Pausing for thought

By Liz Stevens, Birketts

The impact of the menopause in the workplace has recently - many would say belatedly - been a hot topic, with numerous studies and tribunal decisions focussing on the issue and new initiatives introduced to address it.

Published in Norfolk Director Magazine Autumn|Winter 2022

Legal: Birketts LLP

According to ONS data, women over 50 are the fastest-growing segment of the workforce. Yet a study by the Fawcett Society in 2022 (believed to be the largest survey of menopausal women in the UK) found that eight in ten women got no support from their employer. 44% said that their ability to do their job had been affected by their symptoms, and one in ten had left a job as a result. Over half reported losing confidence at work, and 41% said that the menopause or menopausal symptoms were treated as a joke by colleagues.

A lack of support at work and the perception of menopause as a taboo subject that cannot be openly discussed, are highlighted in the Government’s Women’s Health Strategy for England (published 20 July 2022). Under this strategy, employers are encouraged to introduce workplace menopause policies to ensure that women are provided with the support to remain there.

UK Menopause Taskforce

The Government recently established the UK Menopause Taskforce, with work and employment as its first priority. The Taskforce will work with employer groups and stakeholders, to improve support in the workplace and tackle taboos and stigmas, including a new communications campaign. The NHS is introducing a model of workforce support, including guidance developed in partnership with menopause experts, to be pioneered in the NHS and shared across wider sectors.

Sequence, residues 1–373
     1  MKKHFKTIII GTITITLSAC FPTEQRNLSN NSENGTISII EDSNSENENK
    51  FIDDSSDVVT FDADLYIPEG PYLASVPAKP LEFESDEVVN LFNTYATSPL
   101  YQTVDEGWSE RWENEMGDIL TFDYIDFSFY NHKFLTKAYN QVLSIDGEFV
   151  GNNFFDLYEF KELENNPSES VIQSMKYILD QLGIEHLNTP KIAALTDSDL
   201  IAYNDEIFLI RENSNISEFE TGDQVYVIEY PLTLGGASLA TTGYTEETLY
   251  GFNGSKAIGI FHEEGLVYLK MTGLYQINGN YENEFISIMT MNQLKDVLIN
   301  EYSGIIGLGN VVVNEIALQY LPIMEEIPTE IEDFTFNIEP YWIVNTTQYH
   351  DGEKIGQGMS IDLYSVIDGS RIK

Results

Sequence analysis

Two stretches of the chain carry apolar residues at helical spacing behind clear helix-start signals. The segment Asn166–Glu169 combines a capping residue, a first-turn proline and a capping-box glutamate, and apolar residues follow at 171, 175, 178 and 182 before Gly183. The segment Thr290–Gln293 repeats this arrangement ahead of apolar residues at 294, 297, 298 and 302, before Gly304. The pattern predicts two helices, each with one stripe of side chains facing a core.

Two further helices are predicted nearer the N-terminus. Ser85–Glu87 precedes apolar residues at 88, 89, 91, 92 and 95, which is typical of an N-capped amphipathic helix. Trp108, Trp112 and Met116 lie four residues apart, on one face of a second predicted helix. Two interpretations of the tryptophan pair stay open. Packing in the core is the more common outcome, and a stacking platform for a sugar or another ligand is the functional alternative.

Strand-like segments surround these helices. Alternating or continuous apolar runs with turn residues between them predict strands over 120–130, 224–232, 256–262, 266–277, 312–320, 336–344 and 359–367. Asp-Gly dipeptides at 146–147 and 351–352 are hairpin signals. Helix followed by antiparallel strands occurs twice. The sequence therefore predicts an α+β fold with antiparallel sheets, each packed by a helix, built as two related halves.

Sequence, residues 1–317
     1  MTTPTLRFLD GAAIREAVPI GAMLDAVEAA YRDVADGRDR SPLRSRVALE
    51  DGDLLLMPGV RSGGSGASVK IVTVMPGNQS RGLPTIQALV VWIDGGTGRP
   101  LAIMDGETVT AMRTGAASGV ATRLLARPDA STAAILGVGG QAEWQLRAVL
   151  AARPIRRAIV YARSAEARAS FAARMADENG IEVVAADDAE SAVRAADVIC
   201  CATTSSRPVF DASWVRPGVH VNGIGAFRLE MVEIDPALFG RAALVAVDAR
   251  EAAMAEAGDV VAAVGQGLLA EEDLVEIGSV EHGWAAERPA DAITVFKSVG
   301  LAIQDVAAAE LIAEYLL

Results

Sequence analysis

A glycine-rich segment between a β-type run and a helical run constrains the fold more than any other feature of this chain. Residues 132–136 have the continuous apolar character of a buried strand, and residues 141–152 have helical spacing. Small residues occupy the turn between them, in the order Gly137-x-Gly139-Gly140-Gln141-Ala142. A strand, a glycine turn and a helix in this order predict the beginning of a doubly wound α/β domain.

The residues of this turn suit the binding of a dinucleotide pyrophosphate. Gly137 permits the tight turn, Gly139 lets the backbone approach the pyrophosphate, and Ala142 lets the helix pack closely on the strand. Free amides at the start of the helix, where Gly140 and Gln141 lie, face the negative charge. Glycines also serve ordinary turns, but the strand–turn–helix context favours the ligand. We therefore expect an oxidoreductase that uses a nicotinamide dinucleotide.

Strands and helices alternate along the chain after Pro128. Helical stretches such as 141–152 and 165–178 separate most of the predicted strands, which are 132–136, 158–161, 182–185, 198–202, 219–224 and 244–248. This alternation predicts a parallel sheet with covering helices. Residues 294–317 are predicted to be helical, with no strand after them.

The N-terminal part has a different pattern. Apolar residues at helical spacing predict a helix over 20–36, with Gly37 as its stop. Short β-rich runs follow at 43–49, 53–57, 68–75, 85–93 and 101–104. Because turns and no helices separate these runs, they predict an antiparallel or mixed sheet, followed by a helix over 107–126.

It appears unlikely that any legislative measures will be introduced to reinforce the protection of menopausal employees; the Government has confirmed that it is not proposing any changes to the Equality Act 2010. Specifically, it has no plans to bring section 14 of the Act into force, which would allow dual discrimination claims to be brought (based on two protected characteristics, such as sex and age). Nor does it intend to make menopause a protected characteristic in its own right.

Employment tribunals

However, an analysis of tribunal records by the Menopause Experts Group found that menopause-related tribunal claims have increased sharply in recent years, with 23 claims citing menopause in 2021 compared with just five in 2017. The Employment Appeal Tribunal has confirmed (Rooney v Leicester City Council [2021]) that an employee’s menopausal symptoms can fulfil the statutory definition of ‘disability’ under the Equality Act 2010.

To avoid the risk of a successful discrimination claim, employers should improve awareness of the impact of menopause symptoms and consider practical steps to alleviate any difficulties these present in the workplace. This may include flexibility over hours and duties for menopausal employees and a review of sickness absence procedures.

With staff shortages a significant ongoing problem for many sectors, employers already recognise the value of workforce longevity and experience to the success of their business. Tackling the problems faced by many women undergoing the menopause will further assist staff retention and make the workplace more inclusive for all ages.  

Pausing for thought 1

Birketts can help you take steps to improve inclusivity, including its Equality, Diversity and Inclusion training programme. For more information please visit: www.birketts.co.uk/shaping-excellence-training/

Liz Stevens is Professional Support Lawyer, Employment, at Birketts

E: liz-stevens@birketts.co.uk
Or visit www.birketts.co.uk

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